About the Blue Ridge Parkway

Whether you are setting out on a day trip or exploring all 469 miles of the Blue Ridge Parkway, we hope this information about the park, road closures, and history of the scenic route will help you enjoy the journey. 

Photo by David Hill, view from the Blue Ridge Parkway

The Blue Ridge Parkway inside and out

Blue Ridge Parkway photo by David HillThe Blue Ridge Parkway was the first national rural parkway to be conceived, designed, and constructed for a leisure-type driving experience. Its varied topography and numerous vista points offer easy public access to spectacular views of central and southern Appalachian rural landscapes and forested mountains. It connects Shenandoah National Park in Virginia with Great Smoky Mountains National Park in North Carolina.

As an example of pre- and post-World War II automotive rural parkway design, the Blue Ridge Parkway retains the greatest degree of integrity of any parkway in the United States. The Parkway is recognized around the world as an international example of landscape and engineering design achievements with a roadway that lies easily on the land and blends into the landscape.

The Parkway is the highest and longest continuous route in the Appalachian area. Along its 469-mile length, it provides scenic access to crests and ridges of five major ranges within the central and southern Appalachian Mountains, encompassing geographic and vegetative zones that range from 649 feet at James River in Virginia to 6,047 feet at Richland Balsam in North Carolina.

The Blue Ridge Parkway brings $980 million dollars to the adjacent communities annually. It is a primary catalyst for promoting regional travel and tourism, serving as a unifying element for 29 counties through which it passes, engendering a shared regional identity, providing a common link of interest, and being a major contributor to regional economic vitality.

 

Park Information & Maps

Blue Ridge Parkway Visitor Center AshevilleVisit the Park Website or View Operation Hours & Seasons
Reach the park information line at (828) 298-0398.

Be sure to stop in at a Blue Ridge Parkway Visitor Center along the way for camping, hiking, and more information about activities and sites along the route, or visit the National Park Service's plan your visit page.

 

Road Closures & Weather

Road conditions can change quickly. Before you set out for a drive, ride, or hike on the Blue Ridge Parkway, check the National Park Service’s real-time closures map. Check the Map.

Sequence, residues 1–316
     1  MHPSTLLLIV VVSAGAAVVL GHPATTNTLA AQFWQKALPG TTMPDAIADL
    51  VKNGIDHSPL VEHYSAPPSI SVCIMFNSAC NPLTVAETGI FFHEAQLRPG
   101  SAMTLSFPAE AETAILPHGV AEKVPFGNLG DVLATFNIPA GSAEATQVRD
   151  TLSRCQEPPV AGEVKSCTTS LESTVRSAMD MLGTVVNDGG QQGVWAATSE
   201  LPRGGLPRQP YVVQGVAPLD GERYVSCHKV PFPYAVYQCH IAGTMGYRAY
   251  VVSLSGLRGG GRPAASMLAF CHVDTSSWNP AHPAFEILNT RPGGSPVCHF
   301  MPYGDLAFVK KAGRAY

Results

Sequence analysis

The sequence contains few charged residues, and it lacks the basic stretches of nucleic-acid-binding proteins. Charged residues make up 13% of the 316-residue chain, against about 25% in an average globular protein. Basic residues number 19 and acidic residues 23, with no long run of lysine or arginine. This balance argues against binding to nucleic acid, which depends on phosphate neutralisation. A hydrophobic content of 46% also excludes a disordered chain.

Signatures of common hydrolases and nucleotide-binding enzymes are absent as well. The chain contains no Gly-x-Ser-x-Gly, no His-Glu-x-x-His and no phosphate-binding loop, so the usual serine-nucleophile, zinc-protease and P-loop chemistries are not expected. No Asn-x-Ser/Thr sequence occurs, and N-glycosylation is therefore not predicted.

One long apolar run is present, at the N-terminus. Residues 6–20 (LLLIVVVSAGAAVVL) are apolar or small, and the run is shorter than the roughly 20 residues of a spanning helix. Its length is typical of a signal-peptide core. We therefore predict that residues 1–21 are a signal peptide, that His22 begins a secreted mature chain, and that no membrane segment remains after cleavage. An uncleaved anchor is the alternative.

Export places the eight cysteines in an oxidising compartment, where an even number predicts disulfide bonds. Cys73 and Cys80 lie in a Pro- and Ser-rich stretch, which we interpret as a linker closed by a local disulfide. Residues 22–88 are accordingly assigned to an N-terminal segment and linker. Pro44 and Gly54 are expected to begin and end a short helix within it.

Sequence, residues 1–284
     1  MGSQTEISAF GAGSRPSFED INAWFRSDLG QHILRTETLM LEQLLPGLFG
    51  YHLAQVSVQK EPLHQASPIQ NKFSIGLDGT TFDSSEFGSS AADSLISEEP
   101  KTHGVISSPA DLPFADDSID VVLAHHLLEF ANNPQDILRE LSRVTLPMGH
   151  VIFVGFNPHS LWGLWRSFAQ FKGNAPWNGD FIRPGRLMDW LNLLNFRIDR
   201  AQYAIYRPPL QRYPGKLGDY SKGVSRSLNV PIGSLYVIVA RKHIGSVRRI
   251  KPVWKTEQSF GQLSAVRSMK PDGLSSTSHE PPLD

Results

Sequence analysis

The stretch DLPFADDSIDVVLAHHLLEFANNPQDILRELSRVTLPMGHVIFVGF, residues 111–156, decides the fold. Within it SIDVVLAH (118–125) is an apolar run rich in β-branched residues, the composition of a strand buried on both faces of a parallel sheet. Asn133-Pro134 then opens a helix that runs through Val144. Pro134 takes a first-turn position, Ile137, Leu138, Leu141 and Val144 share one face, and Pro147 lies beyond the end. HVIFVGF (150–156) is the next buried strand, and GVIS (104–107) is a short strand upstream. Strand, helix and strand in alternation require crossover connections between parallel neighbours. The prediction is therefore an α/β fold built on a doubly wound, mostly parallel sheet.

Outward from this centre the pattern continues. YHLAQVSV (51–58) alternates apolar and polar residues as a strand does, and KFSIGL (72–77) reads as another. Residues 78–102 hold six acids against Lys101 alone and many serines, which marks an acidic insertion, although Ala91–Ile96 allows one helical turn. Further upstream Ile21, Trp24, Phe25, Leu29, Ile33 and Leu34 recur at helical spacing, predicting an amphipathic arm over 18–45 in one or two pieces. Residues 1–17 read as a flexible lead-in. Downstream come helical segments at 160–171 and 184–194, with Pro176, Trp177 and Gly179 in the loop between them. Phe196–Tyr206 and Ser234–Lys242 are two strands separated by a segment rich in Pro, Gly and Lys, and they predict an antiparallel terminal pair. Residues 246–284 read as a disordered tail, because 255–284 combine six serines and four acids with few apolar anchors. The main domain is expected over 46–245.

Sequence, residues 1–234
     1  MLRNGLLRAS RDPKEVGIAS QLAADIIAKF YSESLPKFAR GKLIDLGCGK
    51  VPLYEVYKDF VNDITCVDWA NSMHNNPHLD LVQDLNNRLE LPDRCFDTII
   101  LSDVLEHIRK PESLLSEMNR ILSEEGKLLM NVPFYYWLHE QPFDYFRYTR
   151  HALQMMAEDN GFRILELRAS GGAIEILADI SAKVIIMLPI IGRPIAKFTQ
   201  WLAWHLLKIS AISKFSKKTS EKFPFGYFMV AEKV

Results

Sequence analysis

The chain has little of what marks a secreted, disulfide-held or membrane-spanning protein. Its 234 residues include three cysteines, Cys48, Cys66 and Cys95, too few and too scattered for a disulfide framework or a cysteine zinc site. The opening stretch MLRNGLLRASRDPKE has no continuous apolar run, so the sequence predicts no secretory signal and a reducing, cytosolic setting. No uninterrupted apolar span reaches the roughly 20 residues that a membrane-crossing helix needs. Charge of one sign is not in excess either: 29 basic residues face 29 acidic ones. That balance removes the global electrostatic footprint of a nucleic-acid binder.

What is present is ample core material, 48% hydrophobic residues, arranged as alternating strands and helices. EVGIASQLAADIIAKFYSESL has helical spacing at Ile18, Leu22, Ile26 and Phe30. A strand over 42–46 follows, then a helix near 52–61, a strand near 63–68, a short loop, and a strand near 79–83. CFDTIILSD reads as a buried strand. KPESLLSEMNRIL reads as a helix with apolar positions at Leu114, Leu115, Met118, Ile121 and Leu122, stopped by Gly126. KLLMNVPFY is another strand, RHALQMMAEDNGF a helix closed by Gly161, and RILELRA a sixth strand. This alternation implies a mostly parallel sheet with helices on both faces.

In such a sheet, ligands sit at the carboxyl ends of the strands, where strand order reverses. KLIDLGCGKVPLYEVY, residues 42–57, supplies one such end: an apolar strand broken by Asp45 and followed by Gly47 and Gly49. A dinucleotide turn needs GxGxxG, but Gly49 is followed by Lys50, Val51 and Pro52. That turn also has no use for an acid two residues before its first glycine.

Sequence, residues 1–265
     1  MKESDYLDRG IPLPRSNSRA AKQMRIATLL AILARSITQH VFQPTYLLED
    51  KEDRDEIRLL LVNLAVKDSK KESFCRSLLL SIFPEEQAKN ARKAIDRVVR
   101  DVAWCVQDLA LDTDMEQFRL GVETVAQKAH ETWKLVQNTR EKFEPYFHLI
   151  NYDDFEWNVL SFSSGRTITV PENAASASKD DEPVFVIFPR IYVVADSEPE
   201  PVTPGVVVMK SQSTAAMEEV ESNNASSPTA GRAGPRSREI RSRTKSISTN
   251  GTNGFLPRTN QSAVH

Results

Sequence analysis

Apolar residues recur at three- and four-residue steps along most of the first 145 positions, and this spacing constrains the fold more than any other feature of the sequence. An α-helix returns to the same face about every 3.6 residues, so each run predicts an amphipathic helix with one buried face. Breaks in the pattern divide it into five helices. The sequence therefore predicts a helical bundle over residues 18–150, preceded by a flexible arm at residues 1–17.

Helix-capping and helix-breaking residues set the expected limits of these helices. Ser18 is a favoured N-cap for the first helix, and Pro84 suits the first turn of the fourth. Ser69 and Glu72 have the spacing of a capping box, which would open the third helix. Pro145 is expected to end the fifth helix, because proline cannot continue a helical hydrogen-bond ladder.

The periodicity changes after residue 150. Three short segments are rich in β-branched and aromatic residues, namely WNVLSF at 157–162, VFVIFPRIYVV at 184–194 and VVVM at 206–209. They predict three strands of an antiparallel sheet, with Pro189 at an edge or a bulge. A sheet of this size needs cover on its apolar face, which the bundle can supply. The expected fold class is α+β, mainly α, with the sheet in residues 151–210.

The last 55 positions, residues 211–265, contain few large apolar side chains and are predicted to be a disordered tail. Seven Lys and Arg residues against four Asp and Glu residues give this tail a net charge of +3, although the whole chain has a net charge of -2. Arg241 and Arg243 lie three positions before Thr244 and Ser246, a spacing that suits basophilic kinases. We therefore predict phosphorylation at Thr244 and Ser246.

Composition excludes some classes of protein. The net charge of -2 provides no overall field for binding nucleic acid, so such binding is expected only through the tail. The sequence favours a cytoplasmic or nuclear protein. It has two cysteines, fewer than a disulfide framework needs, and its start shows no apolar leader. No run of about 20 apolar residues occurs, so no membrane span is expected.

Weather on the Blue Ridge Parkway can change quickly too, particularly in higher elevations. Find out temps and see views from webcams. Visit BRPWeather.com.

Helpful Planning Tools

Apps to Get You There

End-to-Ender Program

Have you traveled the entire 469 miles of the Blue Ridge Parkway?
We want to hear all about it and acknowledge your accomplishment.

Get your certificate

Photo by J. Scott Graham

Giving back along the way - Parkway Plus

The Foundation is fortunate to have many great partners along the Blue Ridge Parkway, including lodging, dining, and retail establishments that give back to the scenic route. When you are traveling, we hope you’ll support these special places and in turn help the Parkway.

At the following lodgings, guests can show their appreciation for the Blue Ridge Parkway by donating $1 per night to the Foundation’s projects, which preserve, protect, and enhance the journey they love.

To become a partner or request more information, e-mail Willa Mays or call (866) 308-2773, ext. 305.

Blue Ridge Parkway by the Numbers

  • 6,047 Feet
    Highest Elevation
  • 469
    Miles Long
  • 15.1 Million
    Visitors in 2015
  • 369 Miles
    of Trails
  • 91
    Historical Buildings
  • 29
    Counties

Take a Drive Through Time

Driving through Time: The Digital Blue Ridge Parkway is an extensive digital history collection that features thousands of historic photographs, maps, postcards, government documents, oral history interviews, and newspaper clippings documenting the Parkway’s more than 75-year history. Explore the collection

Blue Ridge Parkway Timeline

Compiled by Anne Mitchell Whisnant, author of Super-Scenic Motorway: A Blue Ridge Parkway History and When the Parkway Came. Contact the author.

August 1933

President Franklin D. Roosevelt visits CCC camps in the Shenandoah National Park with Secretary of the Interior Harold L. Ickes and Virginia Senator Harry F. Byrd. Someone suggests extending the new Skyline Drive southward to Great Smoky Mountains National Park

September 28, 1933

“Byrd Outlines Park Road Plan” is the first article to mention of the future Blue Ridge Parkway project in the Asheville Citizen

October 17, 1933